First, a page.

Sandra Kennedy, a 38-year-old mother of four who worked as a nurse at Maine Medical Center and dedicated her life to family, friends and the Kennebunk community, died Monday of a rare brain disorder.
Mrs. Kennedy was diagnosed in February with Creutzfeldt-Jakob disease, a rare and progressive disease that attacks the brain and has no cure. An estimated one person per million is diagnosed each year.
She was remembered Tuesday as a strong, compassionate and giving woman who brought joy and laughter to those around her. Her husband, Jake Kennedy, said she always put others before herself, especially their children, family and friends.
“She worked nights at the hospital so she could stay up the next day to take care of the kids,” he said. “She always did above and beyond to be her best for her children.”
Mrs. Kennedy was the mother of Tucker, 9; twin boys, Asher and Gunner, 5; and a daughter, Skyler, 2. Her husband said she was a great mom. He said she volunteered at their schools and kept them busy throughout the summers.
“She was always doing something with them,” he said, rattling off trips to local beaches, Funtown Splashtown USA, and visits with family and friends from Boston to New Jersey.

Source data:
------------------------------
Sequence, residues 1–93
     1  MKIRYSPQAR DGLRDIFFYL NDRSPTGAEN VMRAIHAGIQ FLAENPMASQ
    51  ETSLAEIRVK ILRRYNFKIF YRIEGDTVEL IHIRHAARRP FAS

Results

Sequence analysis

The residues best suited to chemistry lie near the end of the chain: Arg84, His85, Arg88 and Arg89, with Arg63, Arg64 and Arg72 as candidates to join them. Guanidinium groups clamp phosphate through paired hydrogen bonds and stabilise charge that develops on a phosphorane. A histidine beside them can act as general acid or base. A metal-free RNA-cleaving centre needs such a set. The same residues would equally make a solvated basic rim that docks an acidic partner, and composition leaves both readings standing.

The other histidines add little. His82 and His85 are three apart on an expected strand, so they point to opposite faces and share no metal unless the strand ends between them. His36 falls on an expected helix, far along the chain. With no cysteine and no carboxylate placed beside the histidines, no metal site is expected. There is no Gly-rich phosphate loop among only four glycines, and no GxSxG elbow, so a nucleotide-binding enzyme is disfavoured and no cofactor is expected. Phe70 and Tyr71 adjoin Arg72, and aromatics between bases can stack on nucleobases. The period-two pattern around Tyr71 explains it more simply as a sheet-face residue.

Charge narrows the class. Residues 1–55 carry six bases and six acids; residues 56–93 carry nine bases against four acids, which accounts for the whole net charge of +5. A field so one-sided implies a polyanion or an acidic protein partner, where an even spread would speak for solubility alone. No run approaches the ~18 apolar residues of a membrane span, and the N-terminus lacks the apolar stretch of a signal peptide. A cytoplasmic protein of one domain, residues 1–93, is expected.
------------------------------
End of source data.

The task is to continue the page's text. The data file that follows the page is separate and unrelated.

“She would just throw the four kids in the van and go. It was amazing,” he said.
Mrs. Kennedy had worked as a registered nurse at Maine Medical Center in Portland since 2005. She spent the bulk of her career on a cardiology unit. For the past year and a half or so, she worked as a float nurse.
“She truly cared and was a true advocate for her patients,” her husband said.
He spoke with pride and admiration of how his wife lived and loved fully.
He remembered the day they met, at his father’s funeral. She was there to support her friend, who married his older brother. They went out that night and fell in love, he said.
“I looked in her eyes and just knew,” he said. “I had always seen pictures of her. I had a crush on her. She was my dream girl. She was so beautiful.”
Mrs. Kennedy had many close friends and many in the community are mourning her loss.
Nina Pratt, a friend of 20 years, sobbed as she described a woman whose strength, courage and passion for life inspired everyone around her.
“Sandi was a lot of fun to be around She had this laughter. … It was just everything. It made you so happy to be around her,” Pratt said. “Sandi was my strength through everything in my life. I could always lean on her and she was always there for me.”
In the weeks after Mrs. Kennedy’s diagnosis, the community rallied around the family with an outpouring of support. A Facebook page was created, getting close to 2,000 likes. Local businesses held fundraisers and an online fundraising campaign has generated about $79,625 toward medical expenses.
Mrs. Kennedy’s husband took care of her until her death.
“I’ll miss her laugh, her smile and her wisdom. She was super intelligent. She always had a different way of looking at things. She made me a better person,” he said.
Melanie Creamer can be contacted at 791-6361 or at: